It's no different than what's happening in California or New York right now, you continue to press on the wealthy, or in this case middle class, and then you're shocked when they move out. It continues to happen, people continue to move, while others continue to be shocked. At some point, you wonder why people continue to be shocked. You know, we only have 70 YEARS of history to show us what happens. But you see, that leads us to the biggest problem with the continued moving of low income housing into, "better neighborhoods." It deals with the symptoms because dealing with the illness is not politically correct. Rather than helping low income communities with things like property restoration grants, targeted business stimulus packages, entrepreneurship classes, and financial literacy seminars, we decide that that's too much to burden them with, it's just easier to move them into a better neighborhood.


Except it doesn't stay that way. History has shown us that for 70 years now. And yet, we keep trying it, keep having the same result, and then wonder why. That is literal insanity, yet, recommend that we try something else and you're a horrible evil racist who just wants to hate on the poor and downtrodden. I know many people don't like Trump, as I've said before I don't, but my personal dislike for the man doesn't make him wrong, and an inability to see that is going to hurt the left, and badly.


You see, Trump isn't wrong. The majority of those suburban dwelling Americans are in fact terrified of seeing this happen to them. They don't want to move, they don't want their lives upended, but yet that's what will happen to them, and they know it. So yes, he is speaking the truth. He will "save" them, even if you don't consider such an action salvation.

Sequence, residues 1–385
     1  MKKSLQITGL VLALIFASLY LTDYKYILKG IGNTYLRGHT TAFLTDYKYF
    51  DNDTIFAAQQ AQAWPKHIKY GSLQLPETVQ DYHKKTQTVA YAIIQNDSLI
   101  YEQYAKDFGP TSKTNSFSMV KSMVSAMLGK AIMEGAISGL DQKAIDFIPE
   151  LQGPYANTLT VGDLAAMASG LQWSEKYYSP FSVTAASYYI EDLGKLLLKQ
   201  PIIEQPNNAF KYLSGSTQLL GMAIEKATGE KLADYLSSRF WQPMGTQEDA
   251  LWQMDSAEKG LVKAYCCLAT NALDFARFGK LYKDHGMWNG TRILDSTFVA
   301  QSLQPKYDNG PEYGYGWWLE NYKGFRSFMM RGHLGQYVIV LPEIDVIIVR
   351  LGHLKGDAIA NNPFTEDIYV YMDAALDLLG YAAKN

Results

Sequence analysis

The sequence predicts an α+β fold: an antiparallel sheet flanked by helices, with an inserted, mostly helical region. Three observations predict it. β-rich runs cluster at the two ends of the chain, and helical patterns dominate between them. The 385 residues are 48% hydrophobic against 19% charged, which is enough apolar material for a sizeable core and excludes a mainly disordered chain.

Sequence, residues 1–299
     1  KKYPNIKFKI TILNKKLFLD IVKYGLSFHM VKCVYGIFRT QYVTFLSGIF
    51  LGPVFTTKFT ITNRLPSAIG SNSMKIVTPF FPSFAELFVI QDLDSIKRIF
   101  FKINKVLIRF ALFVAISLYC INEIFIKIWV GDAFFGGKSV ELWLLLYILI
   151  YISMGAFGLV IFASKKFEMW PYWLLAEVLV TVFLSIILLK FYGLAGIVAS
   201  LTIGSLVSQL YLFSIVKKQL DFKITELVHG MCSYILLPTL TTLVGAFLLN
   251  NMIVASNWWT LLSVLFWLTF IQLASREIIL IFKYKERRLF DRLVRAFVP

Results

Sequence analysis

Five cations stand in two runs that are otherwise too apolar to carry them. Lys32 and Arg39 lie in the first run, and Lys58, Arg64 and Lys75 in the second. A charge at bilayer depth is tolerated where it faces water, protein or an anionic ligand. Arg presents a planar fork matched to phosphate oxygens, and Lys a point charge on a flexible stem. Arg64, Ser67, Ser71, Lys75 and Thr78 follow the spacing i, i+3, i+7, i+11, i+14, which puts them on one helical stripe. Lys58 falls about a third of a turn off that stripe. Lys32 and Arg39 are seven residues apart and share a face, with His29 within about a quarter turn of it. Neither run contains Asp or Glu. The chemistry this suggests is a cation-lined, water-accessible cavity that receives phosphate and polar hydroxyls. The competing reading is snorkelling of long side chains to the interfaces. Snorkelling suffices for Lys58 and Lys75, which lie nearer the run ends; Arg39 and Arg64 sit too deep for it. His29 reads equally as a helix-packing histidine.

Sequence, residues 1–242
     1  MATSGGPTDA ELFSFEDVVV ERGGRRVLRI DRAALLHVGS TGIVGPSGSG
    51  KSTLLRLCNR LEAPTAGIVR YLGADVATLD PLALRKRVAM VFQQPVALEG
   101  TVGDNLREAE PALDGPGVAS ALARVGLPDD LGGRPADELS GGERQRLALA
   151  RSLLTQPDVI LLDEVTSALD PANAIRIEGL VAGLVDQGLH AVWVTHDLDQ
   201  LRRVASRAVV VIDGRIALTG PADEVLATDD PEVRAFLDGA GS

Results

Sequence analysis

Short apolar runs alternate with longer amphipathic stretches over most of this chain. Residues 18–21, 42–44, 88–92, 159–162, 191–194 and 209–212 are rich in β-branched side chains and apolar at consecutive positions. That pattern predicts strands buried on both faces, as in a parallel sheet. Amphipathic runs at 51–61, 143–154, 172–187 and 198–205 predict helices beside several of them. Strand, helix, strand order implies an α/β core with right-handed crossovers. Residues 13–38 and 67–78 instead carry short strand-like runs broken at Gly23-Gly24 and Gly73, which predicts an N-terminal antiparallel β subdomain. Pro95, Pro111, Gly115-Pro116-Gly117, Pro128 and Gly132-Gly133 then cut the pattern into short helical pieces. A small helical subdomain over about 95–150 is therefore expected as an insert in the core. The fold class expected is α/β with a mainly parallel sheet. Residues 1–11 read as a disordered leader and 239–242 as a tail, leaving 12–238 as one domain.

You see, the utopian dream of rich and poor living together, in houses right next to each other, rubbing elbows, and inviting each other over for dinner? Yeah, it's just that, a dream. If all of those countries couldn't do it, why would they think we can? But it doesn't matter, the only thing that matter is that we can say that we tried in a politically correct way. Outcomes and consequences be darned.


You see, Utopia is impossible, because you can't change people. You can move them, rearrange them, take from some and give to others, but all of these actions are just a band-aid on that gushing wound (if you see it as a wound). The only way to suture it and to really heal it would be to solve the inequity of persons, not conditions, and you can't do that without admitting first that there's a difference in them and their actions. In admitting that there's a difference, you admit that there is a personal responsibility component to the situation, and then you're right back where you started. Needing to fix that.


I could write a pile of books on how the human condition makes Utopia untenable, but then again, why would I when there is already so much good literature out there on the subject that is time tested and proven over and over again. Marxism doesn't work, it never has, and it never will, because Marxism can't change people, it can only attempt to change the situations in which they find themselves.


And that never lasts, because people are stubborn, and a people do as a person does. So the cycle repeats, unending, unbroken, for 70 years. To the point where these cities are "revitalizing" downtown because they've moved all of these low income projects out to the suburbs and now the middle class and wealthy are moving back into downtowns and revitalizing them.


Yet now there's talk of these low income housing ares being too far, too run down, with too little access to the things that they need. So they're looking to bring the low income projects back downtown. And the cycle continues.


And it will. It's never ending because we won't accept the reality of human differences leading to different outcomes. This box waltz that we've been doing since the 1930s hasn't changed. We'll keep doing the same thing over and over again, expecting different results. It's Insanity, pure and simple.